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J Acquir Immune Defic Syndr. 2014 Jun 1;66(2):181-7. doi: 10.1097/QAI.0000000000000150.

Growth and HIV-free survival of HIV-exposed infants in Malawi: a randomized trial of two complementary feeding interventions in the context of maternal antiretroviral therapy.

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Departments of *Community Health; †Pediatrics and Child Health, College of Medicine, University of Malawi, Blantyre, Malawi; ‡Department of Maternal, Newborn, Child and Adolescent Health, World Health Organization, Geneva, Switzerland; and §Department of Pediatrics, Washington University School of Medicine, St Louis, MO 63110.



To compare the growth of HIV-exposed children receiving 1 of 2 complementary foods after prevention of mother-to-child HIV transmission through maternal lifelong antiretroviral therapy (ART).


In rural Malawi, 280 HIV-infected pregnant women were consecutively identified and offered ART, without consideration of their CD4 counts. Mothers were supported to exclusively breast-feed and children tested for HIV status at 1.5 and 5.5 months of age. From this group, 248 HIV-exposed children were enrolled and randomized to receive micronutrients with either whole milk powder or a ready-to-use complementary food (RUF), until the child reached 12 months of age. Children were followed until 18 months of age.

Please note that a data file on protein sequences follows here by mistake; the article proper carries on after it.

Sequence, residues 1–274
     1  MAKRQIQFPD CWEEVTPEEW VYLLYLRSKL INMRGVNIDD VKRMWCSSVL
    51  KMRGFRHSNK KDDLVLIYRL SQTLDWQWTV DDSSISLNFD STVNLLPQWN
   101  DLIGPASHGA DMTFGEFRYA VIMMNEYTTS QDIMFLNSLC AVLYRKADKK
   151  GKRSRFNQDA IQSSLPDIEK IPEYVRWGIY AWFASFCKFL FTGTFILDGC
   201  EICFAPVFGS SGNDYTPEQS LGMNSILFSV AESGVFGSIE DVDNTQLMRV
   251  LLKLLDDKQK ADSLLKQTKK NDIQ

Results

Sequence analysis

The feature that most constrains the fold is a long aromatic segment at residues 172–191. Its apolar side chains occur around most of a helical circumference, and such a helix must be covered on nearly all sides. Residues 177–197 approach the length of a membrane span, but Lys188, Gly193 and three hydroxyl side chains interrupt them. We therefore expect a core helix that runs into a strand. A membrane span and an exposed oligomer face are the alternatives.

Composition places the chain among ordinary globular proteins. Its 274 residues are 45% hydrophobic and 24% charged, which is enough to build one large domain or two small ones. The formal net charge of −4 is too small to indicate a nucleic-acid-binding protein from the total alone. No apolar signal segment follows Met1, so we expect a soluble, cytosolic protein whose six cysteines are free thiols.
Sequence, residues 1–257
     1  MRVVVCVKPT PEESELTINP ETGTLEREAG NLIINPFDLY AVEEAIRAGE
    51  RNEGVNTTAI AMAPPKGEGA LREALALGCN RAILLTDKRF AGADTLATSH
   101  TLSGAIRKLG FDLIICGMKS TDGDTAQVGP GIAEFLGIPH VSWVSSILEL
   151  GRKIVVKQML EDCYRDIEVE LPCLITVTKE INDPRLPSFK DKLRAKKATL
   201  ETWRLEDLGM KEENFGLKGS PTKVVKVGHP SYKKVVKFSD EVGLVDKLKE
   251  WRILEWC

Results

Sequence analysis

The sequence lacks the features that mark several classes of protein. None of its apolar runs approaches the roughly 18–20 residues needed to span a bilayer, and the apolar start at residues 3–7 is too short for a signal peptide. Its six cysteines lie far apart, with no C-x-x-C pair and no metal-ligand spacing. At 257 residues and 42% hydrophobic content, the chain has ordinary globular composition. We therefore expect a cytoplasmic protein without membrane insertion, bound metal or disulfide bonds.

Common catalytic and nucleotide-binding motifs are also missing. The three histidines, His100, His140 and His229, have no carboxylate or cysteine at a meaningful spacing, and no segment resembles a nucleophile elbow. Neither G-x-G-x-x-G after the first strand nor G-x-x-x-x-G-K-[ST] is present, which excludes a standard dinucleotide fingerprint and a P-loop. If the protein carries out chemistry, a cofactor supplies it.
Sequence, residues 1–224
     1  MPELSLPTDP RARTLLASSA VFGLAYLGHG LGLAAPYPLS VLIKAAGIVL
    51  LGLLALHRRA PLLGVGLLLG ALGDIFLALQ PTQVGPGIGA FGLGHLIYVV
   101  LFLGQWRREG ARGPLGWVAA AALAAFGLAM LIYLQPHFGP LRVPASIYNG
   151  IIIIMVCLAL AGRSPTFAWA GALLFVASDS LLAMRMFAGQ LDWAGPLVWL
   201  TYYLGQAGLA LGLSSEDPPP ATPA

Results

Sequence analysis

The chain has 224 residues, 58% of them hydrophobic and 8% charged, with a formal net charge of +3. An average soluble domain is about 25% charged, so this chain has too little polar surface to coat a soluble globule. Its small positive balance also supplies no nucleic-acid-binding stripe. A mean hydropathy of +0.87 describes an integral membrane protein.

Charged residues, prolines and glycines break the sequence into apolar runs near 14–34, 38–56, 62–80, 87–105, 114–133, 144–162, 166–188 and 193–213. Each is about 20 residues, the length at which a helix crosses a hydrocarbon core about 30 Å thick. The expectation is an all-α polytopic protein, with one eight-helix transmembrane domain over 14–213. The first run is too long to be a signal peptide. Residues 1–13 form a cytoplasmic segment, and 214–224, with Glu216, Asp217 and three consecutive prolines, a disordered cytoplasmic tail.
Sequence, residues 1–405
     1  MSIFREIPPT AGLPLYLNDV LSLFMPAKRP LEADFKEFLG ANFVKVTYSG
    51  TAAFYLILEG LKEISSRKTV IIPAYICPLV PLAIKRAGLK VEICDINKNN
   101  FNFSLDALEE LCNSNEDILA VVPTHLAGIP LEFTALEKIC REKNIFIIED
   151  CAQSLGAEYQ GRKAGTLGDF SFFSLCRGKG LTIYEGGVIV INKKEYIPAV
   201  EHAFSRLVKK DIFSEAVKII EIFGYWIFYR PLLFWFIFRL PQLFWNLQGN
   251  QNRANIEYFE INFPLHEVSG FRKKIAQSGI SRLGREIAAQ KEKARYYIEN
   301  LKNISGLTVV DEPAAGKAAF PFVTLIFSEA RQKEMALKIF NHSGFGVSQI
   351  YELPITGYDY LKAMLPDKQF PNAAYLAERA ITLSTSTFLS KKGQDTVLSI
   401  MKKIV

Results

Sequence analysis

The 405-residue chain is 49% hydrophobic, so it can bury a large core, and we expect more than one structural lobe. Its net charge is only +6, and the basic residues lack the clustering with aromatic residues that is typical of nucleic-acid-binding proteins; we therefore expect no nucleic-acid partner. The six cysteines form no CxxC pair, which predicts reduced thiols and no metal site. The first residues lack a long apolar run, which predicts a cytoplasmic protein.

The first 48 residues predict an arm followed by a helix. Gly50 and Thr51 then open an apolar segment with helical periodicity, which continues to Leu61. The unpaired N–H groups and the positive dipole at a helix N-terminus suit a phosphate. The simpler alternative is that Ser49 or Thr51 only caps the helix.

HIV-free survival at 12 months was 90% (95% confidence interval: 87% to 94%). Exclusive breast-feeding for the first 6 months of life was practiced in 97% of the children. At 12 months of age, 89% of the children continued to be breast-fed. At 6 months of age, infants had a weight-for-height z score of 0.7 ± 1.1 (mean ± SD) and length-for-age z score of -1.3 ± 1.2. The decrease in length-for-age z score among children receiving RUF at 12 months of age was greater than that seen in those receiving milk powder (-0.3 ± 0.8 vs -0.1 ± 0.7, P = 0.04). Mean weight-for-height z score was >0 at 12 and 18 months of age in both groups.


HIV-free survival ≥90% at 12 months was achieved with maternal ART while either milk powder or RUF as a complementary food preserved child anthropometry. Breast-feeding by mothers receiving ART was acceptable.

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